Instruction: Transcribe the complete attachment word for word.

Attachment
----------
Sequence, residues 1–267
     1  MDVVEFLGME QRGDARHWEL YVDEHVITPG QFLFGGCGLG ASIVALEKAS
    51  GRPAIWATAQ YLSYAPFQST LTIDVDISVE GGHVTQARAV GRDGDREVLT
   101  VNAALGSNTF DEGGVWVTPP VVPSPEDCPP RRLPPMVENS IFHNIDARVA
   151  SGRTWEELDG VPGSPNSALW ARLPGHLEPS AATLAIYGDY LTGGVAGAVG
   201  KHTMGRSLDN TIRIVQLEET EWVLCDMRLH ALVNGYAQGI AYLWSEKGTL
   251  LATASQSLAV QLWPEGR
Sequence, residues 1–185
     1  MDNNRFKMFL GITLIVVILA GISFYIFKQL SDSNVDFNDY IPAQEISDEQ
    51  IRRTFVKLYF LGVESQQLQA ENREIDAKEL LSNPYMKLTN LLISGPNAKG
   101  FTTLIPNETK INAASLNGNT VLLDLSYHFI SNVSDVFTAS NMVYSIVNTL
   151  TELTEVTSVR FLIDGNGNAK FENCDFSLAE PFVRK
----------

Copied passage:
Sequence, residues 1–267
     1  MDVVEFLGME QRGDARHWEL YVDEHVITPG QFLFGGCGLG ASIVALEKAS
    51  GRPAIWATAQ YLSYAPFQST LTIDVDISVE GGHVTQARAV GRDGDREVLT
   101  VNAALGSNTF DEGGVWVTPP VVPSPEDCPP RRLPPMVENS IFHNIDARVA
   151  SGRTWEELDG VPGSPNSALW ARLPGHLEPS AATLAIYGDY LTGGVAGAVG
   201  KHTMGRSLDN TIRIVQLEET EWVLCDMRLH ALVNGYAQGI AYLWSEKGTL
   251  LATASQSLAV QLWPEGR
Sequence, residues 1–185
     1  MDNNRFKMFL GITLIVVILA GISFYIFKQL SDSNVDFNDY IPAQEISDEQ
    51  IRRTFVKLYF LGVESQQLQA ENREIDAKEL LSNPYMKLTN LLISGPNAKG
   101  FTTLIPNETK INAASLNGNT VLLDLSYHFI SNVSDVFTAS NMVYSIVNTL
   151  TELTEVTSVR FLIDGNGNAK FENCDFSLAE PFVRK